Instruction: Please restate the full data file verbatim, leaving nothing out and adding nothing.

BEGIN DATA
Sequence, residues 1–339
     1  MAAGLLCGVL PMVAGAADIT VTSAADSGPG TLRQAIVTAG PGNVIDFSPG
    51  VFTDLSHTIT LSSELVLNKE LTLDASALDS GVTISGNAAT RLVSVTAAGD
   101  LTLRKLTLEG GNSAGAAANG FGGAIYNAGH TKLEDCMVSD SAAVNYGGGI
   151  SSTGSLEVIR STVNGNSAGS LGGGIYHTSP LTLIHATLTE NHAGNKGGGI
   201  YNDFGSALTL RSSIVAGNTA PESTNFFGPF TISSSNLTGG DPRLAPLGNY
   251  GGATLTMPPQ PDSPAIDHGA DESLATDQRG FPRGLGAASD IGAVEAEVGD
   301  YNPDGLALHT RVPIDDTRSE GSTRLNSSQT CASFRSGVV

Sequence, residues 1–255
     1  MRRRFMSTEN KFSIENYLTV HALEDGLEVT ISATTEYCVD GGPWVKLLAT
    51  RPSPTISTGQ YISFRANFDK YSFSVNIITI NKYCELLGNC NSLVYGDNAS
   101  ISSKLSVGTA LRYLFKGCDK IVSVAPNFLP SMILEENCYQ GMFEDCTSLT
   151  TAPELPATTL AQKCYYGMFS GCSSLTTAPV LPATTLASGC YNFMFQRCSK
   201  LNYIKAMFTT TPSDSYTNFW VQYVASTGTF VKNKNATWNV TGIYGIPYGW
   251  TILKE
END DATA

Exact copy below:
Sequence, residues 1–339
     1  MAAGLLCGVL PMVAGAADIT VTSAADSGPG TLRQAIVTAG PGNVIDFSPG
    51  VFTDLSHTIT LSSELVLNKE LTLDASALDS GVTISGNAAT RLVSVTAAGD
   101  LTLRKLTLEG GNSAGAAANG FGGAIYNAGH TKLEDCMVSD SAAVNYGGGI
   151  SSTGSLEVIR STVNGNSAGS LGGGIYHTSP LTLIHATLTE NHAGNKGGGI
   201  YNDFGSALTL RSSIVAGNTA PESTNFFGPF TISSSNLTGG DPRLAPLGNY
   251  GGATLTMPPQ PDSPAIDHGA DESLATDQRG FPRGLGAASD IGAVEAEVGD
   301  YNPDGLALHT RVPIDDTRSE GSTRLNSSQT CASFRSGVV

Sequence, residues 1–255
     1  MRRRFMSTEN KFSIENYLTV HALEDGLEVT ISATTEYCVD GGPWVKLLAT
    51  RPSPTISTGQ YISFRANFDK YSFSVNIITI NKYCELLGNC NSLVYGDNAS
   101  ISSKLSVGTA LRYLFKGCDK IVSVAPNFLP SMILEENCYQ GMFEDCTSLT
   151  TAPELPATTL AQKCYYGMFS GCSSLTTAPV LPATTLASGC YNFMFQRCSK
   201  LNYIKAMFTT TPSDSYTNFW VQYVASTGTF VKNKNATWNV TGIYGIPYGW
   251  TILKE